Yeltsin bolsters runoff bid, names ex-rival security chief


June 18, 1996
Web posted at: 9:00 a.m. EDT (1300 GMT)

MOSCOW (CNN) -- Russian President Boris Yeltsin acted swiftly Tuesday to rally support for his presidential election runoff, naming retired Gen. Alexander Lebed as the head of national security.

In a separate move, Yeltsin fired his unpopular defense minister, Pavel Grachev, a longtime rival of Lebed's.

Lebed, an Afghan war hero, finished a strong third in Sunday's presidential election with nearly 15 percent of the vote. Analysts viewed him as a key power broker in the upcoming runoff between Yeltsin and Communist rival Gennady Zyuganov.


The moves were announced in a joint appearance by Yeltsin and Lebed Tuesday morning at the Kremlin.

Shortly after being named the head of the Russian National Security Council, a smiling Lebed shook hands with Yeltsin and publicly endorsed the incumbent. The deal, Lebed said, "would serve not only as the unification of politicians, but of the forces serving them."

Lebed will also act as the president's national security adviser, should Yeltsin win the runoff.

"Eleven million voters believed I could guarantee the security of citizens. I am an officer and must be worthy of their trust," Lebed said.

By naming Lebed to the posts, Yeltsin stands to gain a significant boost in the runoff. Lebed said he expects 80 percent of his supporters to vote for Yeltsin.

The appointment allows Lebed the chance to move forward on two of his key campaign platforms -- reforming the army and cracking down on crime.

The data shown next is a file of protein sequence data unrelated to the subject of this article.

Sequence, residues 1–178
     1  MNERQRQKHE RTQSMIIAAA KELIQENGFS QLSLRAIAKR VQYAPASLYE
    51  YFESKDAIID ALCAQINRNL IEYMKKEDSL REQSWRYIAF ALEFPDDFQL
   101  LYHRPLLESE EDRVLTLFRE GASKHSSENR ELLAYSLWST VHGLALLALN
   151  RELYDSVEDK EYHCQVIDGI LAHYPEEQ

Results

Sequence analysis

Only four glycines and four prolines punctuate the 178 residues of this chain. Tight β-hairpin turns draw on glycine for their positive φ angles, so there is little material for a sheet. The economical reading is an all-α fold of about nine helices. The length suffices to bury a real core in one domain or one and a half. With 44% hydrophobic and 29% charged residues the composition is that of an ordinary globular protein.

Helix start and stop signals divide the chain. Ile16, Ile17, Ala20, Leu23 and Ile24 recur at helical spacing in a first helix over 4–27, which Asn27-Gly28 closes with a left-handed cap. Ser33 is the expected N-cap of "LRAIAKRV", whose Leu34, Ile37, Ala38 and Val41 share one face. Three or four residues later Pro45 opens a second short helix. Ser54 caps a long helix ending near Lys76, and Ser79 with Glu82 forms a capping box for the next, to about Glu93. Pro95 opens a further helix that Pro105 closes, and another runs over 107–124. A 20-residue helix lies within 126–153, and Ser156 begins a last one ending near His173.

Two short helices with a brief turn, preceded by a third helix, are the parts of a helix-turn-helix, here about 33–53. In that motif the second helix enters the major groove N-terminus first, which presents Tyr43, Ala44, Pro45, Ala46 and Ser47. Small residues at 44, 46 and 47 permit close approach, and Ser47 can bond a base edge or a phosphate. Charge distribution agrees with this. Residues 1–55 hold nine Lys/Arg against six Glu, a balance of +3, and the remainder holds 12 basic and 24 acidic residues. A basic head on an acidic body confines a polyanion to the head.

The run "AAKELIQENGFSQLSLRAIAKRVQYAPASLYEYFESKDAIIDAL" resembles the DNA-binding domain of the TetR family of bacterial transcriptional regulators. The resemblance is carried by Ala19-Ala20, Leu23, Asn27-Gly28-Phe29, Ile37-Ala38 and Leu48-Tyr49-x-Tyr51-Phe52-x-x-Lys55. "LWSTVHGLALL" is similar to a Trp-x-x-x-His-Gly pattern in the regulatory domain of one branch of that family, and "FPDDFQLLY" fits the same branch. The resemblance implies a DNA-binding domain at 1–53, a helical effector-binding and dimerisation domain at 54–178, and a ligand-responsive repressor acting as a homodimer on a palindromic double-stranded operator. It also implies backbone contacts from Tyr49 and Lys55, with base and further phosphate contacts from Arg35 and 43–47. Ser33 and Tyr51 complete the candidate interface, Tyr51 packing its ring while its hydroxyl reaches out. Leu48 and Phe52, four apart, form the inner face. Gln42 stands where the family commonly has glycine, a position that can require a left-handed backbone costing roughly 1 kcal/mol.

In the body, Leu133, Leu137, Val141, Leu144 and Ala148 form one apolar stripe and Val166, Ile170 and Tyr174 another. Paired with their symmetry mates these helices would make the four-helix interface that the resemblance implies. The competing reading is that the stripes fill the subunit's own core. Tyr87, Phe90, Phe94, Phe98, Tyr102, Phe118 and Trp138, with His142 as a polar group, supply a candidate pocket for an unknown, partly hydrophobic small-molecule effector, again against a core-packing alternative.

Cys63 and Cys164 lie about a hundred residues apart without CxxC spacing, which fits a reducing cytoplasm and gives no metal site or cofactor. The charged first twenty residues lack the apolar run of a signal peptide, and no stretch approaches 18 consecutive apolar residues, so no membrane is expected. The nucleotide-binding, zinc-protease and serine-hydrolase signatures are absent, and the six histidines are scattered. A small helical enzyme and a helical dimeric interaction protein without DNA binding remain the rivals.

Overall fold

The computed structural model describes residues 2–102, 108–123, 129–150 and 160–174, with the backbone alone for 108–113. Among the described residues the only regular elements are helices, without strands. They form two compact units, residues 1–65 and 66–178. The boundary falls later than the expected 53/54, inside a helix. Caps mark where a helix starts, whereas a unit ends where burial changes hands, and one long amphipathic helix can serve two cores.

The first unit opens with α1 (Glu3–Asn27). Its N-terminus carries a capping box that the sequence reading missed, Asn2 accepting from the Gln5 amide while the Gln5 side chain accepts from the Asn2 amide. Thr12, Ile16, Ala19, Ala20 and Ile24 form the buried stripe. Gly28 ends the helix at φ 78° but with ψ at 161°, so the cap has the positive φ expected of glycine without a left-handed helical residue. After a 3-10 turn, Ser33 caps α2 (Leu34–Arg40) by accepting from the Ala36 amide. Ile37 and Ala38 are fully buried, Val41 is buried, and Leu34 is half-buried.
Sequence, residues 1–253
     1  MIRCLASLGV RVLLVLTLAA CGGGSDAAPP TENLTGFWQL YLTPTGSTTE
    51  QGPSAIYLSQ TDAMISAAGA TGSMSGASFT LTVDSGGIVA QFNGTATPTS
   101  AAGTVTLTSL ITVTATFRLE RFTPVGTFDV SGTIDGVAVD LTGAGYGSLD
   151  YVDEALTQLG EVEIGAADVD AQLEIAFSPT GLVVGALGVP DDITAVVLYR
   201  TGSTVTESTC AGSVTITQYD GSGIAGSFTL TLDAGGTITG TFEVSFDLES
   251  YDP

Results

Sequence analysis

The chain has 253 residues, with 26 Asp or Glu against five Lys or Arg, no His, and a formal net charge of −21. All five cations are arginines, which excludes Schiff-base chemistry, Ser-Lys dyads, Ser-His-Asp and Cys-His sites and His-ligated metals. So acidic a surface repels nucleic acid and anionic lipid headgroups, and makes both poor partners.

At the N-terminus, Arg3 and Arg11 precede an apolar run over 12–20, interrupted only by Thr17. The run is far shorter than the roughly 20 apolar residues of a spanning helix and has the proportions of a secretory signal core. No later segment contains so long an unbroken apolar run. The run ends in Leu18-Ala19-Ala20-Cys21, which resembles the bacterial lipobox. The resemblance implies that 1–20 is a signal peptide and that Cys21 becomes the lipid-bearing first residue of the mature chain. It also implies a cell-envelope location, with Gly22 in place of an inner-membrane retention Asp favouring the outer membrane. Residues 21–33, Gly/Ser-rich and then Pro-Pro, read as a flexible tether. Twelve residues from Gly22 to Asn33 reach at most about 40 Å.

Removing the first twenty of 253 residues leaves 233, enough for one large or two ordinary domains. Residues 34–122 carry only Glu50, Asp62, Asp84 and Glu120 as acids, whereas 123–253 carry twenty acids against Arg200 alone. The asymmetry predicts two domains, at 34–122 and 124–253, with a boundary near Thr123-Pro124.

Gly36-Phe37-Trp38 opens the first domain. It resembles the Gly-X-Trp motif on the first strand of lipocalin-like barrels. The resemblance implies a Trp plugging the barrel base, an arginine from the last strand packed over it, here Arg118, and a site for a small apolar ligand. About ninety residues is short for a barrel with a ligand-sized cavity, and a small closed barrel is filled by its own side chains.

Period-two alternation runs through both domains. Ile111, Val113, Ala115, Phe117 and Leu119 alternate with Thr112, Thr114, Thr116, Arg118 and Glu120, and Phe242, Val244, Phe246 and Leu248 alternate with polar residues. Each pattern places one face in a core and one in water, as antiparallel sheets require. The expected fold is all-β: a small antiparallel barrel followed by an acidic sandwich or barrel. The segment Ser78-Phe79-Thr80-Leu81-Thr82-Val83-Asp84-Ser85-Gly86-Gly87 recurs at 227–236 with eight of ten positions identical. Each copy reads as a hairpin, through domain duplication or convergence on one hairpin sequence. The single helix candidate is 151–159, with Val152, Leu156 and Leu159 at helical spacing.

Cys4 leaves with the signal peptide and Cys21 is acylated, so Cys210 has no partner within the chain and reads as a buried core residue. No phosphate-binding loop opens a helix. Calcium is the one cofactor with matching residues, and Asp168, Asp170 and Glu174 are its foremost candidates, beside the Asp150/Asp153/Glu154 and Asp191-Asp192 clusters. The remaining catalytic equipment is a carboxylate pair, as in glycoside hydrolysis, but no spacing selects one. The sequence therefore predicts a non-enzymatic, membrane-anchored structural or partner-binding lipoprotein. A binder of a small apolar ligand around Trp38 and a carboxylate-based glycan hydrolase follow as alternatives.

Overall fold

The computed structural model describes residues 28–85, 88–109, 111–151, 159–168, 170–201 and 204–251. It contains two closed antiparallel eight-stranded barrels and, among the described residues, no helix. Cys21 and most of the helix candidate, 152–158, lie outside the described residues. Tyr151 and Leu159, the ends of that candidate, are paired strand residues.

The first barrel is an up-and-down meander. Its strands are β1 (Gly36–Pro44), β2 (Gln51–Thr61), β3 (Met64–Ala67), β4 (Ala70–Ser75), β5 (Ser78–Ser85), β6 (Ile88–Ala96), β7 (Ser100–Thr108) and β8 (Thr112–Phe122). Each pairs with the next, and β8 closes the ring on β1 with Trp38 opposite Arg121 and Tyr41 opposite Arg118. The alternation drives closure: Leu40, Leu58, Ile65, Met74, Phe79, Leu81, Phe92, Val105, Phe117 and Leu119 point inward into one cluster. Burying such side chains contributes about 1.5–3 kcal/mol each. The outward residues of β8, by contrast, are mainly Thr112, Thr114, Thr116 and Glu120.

The job heading the Security Council is considered one of the most powerful positions in the Russian government. As the president's security adviser, the tough-talking retired general will have even more authority.

In another development, Yeltsin told CNN he plans to strike a deal with economist Grigory Yavlinsky, who finished fourth in the election.

Grachev's ouster


The firing of Grachev appeared to be a major concession to Lebed, who had urged for Grachev's ouster.

Grachev, a Yeltsin loyalist, has been repeatedly criticized for his handling of Russian military affairs, especially the 18-month war in Chechnya. More than 30,000 people have been killed in the breakaway region since December 1994.

Grachev was replaced by Gen. Mikhail Kolesnikov, the army chief of staff, who will be acting defense minister.

Yeltsin said he informed Grachev of the changes Monday. Grachev reportedly refused to stay on under Lebed, once his subordinate.

Lebed has called the Russian effort to crush the Chechen rebellion "an irresponsible experiment." He said Russian troops should pull out from the region and then impose an internationally supervised referendum on the Chechens.

Lebed has also advocated giving the Chechens the opportunity to vote on whether they will remain a part of Russia. If they choose to leave, all aid from Moscow should be cut off at the borders, Lebed has said in the past.

Runoff date

The exact date of the runoff between Yeltsin and Zyuganov remains uncertain. Election officials have suggested holding the runoff on Sunday, June 30. Yeltsin, however, has proposed that the election be held July 3 and has asked the Russian Duma, or parliament, to make that day a national holiday.

The Duma, dominated by Communists and ultra-nationalists, are not expected to comply with the president's proposal. Another date being considered by the Central Electoral Commission is July 7.

The runoff is necessary because no single candidate in Sunday's election received more than 50 percent of the vote.

Meanwhile, President Clinton, in a 10-minute telephone call with Yeltsin, congratulated the Russian leader on the conduct of his nation's first round of elections last Sunday.

But the White House said Clinton would not contact Yeltsin's remaining rival, Communist leader Genaddy Zyuganov, whom the United States considers a threat to Russia's embrace of democracy and free market economics.

Reuters contributed to this report.

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